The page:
This has been the most difficult part of the journey so far. Mourning the children that we should have. The children that will never exist. My heart longs for these children and has since I fell in love with Scott. We always knew we wanted to have many children. When we started dating we asked the question to each other and neither of us had a set number. We both wanted lots… me on the higher end… Scott on the lower end… but neither less than 3.

Our goal has never been to have nice material things in our life- we were totally on board with being poor in a smaller house with lots of kids and lots of love. Our kids would would be easy to conceive and half of each of us. We would be able to surprise our parents with the great news and shock them that we were even trying to conceive. We were going to decide how many kids were enough as we went along… We’d have a few and see if we were up for having a few more. We had all these plans and were looking forward to the surprises that lay ahead.

We now have to mourn these children and their existence that will never be. We know that whatever children we do have will be the children that are meant to be ours, but still have to mourn the loss of a dream.  A profound loss of something that never existed. How do you do that?


More Than a Coincidence

I have been really struggling lately to accept that our child will not have Scott’s genes. I went to the doctor the other day and answered all the family history questions that are pretty standard. Is your grandmother alive or deceased? Did they have cancer? Diabetes? etc. For each of these questions I was able to picture the person they were asking about… Did my Grandma have cancer? Yes Grandma H had Colon Cancer and I remember that time clearly. When my kids go to the doctor, instead of answering questions based on the relatives they know from Scott’s side they will have to remember the details they were told about the sperm donor that helped us to conceive them. Instead of thinking of their grandparents on that sheet of paper they will need to know facts from a moment in time in someones life they will never know.

A million small things that will make them different then the “normal”. If our child is able to learn foreign languages quickly I won’t immediately think “it just skipped a generation… my siblings were able to learn Spanish quickly “. I’ll think about if the sperm donor had those abilities and passed it down in his genes. We won’t be able to say “he has Scott’s nose” or “she has Scott’s straight blonde hair” (that I was soooo looking forward to after all my struggles with curly brown hair). The goal is to find a sperm donor that looks as much like Scott as possible, but even if they have the same nose we’ll know that it’s not Scott’s genes that made it so.

Before we found out about our infertility I took every chance I had to watch home videos and look at picture of Scott as a baby/child. I would imaging all his features mixed with mine and imaging what our babies would look like. Would they have Scott’s squinty blue eyes or my large brown ones? Would their hair be brown and curly or blonde and straight? Would they have little hair for a good portion of their first year like Scott and his siblings had or would they be born with lots of hair like me? So many questions I was looking forward to discovering with Scott for each of our children.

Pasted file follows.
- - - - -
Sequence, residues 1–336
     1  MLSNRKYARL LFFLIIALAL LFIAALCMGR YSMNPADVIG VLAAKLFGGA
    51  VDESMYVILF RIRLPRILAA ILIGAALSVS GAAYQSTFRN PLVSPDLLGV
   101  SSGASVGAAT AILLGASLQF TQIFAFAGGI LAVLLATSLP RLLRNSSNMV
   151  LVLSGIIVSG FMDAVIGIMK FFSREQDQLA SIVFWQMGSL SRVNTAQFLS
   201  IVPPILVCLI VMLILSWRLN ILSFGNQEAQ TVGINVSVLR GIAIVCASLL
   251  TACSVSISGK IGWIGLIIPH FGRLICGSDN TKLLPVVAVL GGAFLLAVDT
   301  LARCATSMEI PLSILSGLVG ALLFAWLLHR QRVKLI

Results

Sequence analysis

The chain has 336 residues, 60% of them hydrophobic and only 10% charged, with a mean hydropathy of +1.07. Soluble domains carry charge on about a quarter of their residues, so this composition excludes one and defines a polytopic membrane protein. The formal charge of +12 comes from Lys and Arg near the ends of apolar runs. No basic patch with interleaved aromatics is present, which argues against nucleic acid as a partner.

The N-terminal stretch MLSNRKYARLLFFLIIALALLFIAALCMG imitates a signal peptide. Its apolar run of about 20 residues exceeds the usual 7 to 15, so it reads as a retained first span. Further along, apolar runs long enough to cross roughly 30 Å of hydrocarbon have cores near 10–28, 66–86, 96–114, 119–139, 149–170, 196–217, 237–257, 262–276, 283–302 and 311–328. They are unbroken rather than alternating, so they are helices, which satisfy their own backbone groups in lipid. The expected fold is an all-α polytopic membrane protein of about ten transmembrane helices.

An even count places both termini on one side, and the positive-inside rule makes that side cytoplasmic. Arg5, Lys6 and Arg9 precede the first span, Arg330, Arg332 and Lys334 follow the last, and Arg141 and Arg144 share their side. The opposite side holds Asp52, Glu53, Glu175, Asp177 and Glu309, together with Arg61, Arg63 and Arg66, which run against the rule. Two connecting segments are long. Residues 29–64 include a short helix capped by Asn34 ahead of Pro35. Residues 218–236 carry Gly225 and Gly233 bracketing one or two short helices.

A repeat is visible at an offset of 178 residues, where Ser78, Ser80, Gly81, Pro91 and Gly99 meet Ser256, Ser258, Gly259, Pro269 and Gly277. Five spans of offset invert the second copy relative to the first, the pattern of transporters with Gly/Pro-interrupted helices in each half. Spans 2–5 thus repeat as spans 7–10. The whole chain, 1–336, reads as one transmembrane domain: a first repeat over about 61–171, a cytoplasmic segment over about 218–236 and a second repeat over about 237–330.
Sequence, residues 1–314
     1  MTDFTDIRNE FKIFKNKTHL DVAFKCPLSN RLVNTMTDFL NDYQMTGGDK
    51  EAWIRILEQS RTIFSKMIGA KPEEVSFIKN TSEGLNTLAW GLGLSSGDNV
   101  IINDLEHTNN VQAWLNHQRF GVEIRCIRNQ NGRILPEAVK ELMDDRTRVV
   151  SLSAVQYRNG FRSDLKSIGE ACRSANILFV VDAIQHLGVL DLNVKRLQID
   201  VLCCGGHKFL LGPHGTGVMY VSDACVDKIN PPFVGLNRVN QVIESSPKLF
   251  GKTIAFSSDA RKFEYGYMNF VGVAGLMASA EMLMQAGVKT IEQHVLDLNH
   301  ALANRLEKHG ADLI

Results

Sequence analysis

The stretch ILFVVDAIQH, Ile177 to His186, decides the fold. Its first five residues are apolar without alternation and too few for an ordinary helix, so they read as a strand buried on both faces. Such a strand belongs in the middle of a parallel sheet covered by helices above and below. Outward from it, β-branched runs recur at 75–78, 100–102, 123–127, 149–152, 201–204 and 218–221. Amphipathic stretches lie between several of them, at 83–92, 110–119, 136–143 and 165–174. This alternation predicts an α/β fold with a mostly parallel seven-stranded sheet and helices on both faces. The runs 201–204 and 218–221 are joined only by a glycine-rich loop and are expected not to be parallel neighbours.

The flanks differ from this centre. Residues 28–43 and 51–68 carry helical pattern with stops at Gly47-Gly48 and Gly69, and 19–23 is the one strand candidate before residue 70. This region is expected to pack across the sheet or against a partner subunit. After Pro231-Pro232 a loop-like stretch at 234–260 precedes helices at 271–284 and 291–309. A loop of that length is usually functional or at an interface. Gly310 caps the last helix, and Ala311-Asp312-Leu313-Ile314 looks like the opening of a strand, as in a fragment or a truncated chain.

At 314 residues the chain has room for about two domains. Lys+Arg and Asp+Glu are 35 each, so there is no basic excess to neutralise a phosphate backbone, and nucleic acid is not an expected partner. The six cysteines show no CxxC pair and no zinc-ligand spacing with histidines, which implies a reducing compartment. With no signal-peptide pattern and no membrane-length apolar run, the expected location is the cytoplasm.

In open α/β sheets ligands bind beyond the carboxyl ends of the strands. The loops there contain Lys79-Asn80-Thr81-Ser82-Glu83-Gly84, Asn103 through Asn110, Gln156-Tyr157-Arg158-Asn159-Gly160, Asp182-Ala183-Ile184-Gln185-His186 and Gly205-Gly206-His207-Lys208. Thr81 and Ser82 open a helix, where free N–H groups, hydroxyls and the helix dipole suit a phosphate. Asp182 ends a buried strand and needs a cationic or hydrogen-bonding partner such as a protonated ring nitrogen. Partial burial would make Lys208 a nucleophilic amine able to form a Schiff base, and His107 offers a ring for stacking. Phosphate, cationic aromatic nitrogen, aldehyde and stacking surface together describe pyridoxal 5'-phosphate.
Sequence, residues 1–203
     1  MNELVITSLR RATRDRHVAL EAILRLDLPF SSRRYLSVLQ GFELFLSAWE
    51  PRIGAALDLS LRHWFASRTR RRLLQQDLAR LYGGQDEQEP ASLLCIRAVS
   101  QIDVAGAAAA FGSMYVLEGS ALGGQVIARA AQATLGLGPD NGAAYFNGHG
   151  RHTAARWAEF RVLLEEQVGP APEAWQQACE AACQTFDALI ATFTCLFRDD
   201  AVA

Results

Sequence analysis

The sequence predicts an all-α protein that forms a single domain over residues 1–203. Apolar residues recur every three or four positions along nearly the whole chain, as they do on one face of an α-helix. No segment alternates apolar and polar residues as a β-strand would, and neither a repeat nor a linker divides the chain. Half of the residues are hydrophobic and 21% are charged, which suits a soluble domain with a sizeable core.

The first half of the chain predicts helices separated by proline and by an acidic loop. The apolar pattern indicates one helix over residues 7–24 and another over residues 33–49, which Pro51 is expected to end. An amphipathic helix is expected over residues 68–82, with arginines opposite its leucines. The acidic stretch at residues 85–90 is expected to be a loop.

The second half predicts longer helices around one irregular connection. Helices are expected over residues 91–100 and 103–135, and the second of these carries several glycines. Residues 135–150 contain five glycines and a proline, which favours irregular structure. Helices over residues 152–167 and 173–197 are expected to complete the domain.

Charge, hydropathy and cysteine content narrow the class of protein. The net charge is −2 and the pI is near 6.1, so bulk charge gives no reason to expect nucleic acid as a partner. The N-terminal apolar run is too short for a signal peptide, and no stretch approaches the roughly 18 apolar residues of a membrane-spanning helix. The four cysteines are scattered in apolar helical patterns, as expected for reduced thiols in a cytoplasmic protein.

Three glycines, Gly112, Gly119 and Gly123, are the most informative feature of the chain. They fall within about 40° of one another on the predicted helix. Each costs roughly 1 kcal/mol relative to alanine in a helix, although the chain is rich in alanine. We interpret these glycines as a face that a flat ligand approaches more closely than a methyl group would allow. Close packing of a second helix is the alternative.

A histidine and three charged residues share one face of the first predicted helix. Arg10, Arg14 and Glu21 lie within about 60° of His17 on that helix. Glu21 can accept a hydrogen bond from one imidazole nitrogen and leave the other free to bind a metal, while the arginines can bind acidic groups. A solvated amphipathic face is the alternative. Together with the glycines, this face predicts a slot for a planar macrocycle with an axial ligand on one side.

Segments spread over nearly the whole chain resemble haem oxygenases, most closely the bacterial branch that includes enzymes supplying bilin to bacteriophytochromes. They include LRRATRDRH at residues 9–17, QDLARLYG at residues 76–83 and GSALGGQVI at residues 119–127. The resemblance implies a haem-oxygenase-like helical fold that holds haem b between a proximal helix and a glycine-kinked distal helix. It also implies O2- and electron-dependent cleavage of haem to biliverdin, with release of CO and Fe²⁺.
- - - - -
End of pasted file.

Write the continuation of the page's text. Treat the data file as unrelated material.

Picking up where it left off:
I listened to a sermon yesterday that spoke directly to me. The church is going through a series about finding what God designed you to do. Finding your spiritual gifts and using them to serve others. I went into the series thinking of myself but frequently found myself thinking of how it will apply to our future children. The part that spoke to me the most was a quote from Max Lucado’s book “Cure for the Common Life”

“Da Vinci painted one Mona Lisa, Beethoven created one Fifth Symphony, and God made one version of you. You’re it! You’re the only you there is. And if we don’t get you, we don’t get you. You’re the only shot we have of you. You can do something that no one else can do in a fashion no one else can do it. You are more than a coincidence of chromosomes and heredity, more than an assemblage of somebody else’s lineage. You are uniquely made…”

This spoke to me more than anything I’ve heard in a long time. No matter how we had our children they were always meant to be “more than a coincidence of chromosomes and heredity, more than an assemblage of somebody else’s lineage”. They were always going to be who God created them to be. If they are gifted in speaking a foreign language it’s because God granted them that gift. If they have great musical ability it’s because God created them with it. God already knows the children we are meant to have and the special gifts he will create each with. I can’t wait to meet them and I pray that I will be able to remember the lesson God taught me today. Whenever someone says “he has his dad’s nose” I hope I’ll remember that who my children are is more than an assemblage of genes and characteristics. They will be our children, the ones that God created just for us and that’s all that will matter.